Thereafter was he then taken to the police and placed in the cells? Was there a charge and cautionary statement? All these would have gone along way in assisting in the conviction of this case. Unfortunately this evidence was never extracted by the prosecution.
The other aspect lacking from this very important witness is that of the PW3 form. The maker was not called. The advocate quoted extensively from the case of Patrick Mwai Thuo versus Republic CA at Nairobi Civil Appeal 26 of  in which the appeal was allowed on the grounds that the maker of the P3 form namely the doctor was never called to give evidence. It is noted that section 77 of the Evidence Act has been amended to include doctors report having admitted though the authencity of the signature of the doctor as is in the case of Government Analysis report. There was an amendment to the said section in 1991.
This Court notes that the amendment defeats the cause of justice. The police officer producing the report does not state that he knows the doctors signature. He does not work with him as a fellow doctor and thus cannot produce the said report on behalf of the said doctor. It is thus imperative that makers of the P3 form are called to give evidence on their report. The police officer is further unstable to answer medical questions if raised.
PW4 did not state that he collected exhibits to take to the doctor. The relevant exhibits should be, the underpants of both the complainant and accused, the “spit” of the accused. This should have been forwarded through the doctor to the government analysist. The spit and sperm of the accused should match. There should have been evidence that the tests from the “accused spit” and sperm” are the same as found in the underpants. There is also required a blood sample.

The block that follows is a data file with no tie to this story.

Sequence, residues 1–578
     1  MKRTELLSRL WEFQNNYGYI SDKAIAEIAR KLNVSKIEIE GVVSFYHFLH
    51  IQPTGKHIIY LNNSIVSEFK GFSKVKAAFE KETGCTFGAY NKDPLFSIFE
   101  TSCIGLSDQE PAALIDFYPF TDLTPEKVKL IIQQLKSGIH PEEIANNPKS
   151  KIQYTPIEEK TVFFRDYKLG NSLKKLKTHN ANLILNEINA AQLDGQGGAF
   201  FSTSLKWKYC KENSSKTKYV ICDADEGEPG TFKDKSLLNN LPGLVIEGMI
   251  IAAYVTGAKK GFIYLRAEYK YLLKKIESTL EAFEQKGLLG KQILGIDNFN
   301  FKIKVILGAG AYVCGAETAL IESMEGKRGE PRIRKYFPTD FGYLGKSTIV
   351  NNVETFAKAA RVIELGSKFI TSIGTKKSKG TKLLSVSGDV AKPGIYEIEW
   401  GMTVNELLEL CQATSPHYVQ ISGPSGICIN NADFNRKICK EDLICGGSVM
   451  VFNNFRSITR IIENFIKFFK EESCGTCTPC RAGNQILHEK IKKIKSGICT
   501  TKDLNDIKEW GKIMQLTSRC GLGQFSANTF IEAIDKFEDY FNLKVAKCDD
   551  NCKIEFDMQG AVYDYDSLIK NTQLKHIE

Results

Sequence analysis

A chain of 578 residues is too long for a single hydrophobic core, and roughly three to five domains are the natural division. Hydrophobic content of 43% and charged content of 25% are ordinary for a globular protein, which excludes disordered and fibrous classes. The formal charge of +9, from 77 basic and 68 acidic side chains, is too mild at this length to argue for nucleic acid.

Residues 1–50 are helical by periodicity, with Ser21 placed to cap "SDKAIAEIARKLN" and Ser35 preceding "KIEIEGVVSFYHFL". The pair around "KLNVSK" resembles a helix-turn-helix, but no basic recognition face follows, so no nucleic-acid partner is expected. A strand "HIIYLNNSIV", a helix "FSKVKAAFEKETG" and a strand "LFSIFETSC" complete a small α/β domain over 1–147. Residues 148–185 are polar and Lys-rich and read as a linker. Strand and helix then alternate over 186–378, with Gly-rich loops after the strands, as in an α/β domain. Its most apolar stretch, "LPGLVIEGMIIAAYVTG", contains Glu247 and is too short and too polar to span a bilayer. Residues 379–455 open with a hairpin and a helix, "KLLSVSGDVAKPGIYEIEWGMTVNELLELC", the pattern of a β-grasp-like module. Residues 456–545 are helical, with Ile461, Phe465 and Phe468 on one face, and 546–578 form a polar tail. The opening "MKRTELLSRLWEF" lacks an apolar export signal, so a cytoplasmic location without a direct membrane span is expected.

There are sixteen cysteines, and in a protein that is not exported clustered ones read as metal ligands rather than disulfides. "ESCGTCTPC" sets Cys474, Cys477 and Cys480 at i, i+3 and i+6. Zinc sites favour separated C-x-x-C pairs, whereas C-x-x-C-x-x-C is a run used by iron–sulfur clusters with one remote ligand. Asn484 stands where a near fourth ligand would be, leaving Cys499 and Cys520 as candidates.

The only thing that seems to occur in this case is that there was signs of defilement on the complainant and on the accused. There is lacking evidence of the very important test. One aspect that is also clear is that PW2 the mother washed the complainant. This meant that vital evidence was destroyed. It must be reminded to all women who have been encountered with a situation where their daughter have been defiled should not wash the child until necessary examination and exhibits collected by the police. The underpants with spermatozoa from the accused and complainant. Blood sample and spit from the accused. Clothings if possible having any form of stains. The proof lies humbly on the prosecution. This must be established failure to the accused must be set at liberty.
There was a claim by the accused that he was insane. If this was correct, he is entitled to plead it as his defence. The trial magistrate should have had the accused assessed as to his mental capacity and age. Full investigation / inquiry of the accused ought to be done before trial or after conviction in order to give a balanced decision.
This Court quashes the conviction sets the sentence aside and allows this appeal. The appellant is hereby released unless otherwise lawfully held – he is set at liberty.
Dated and delivered at Nyeri this 7th day of December, 1993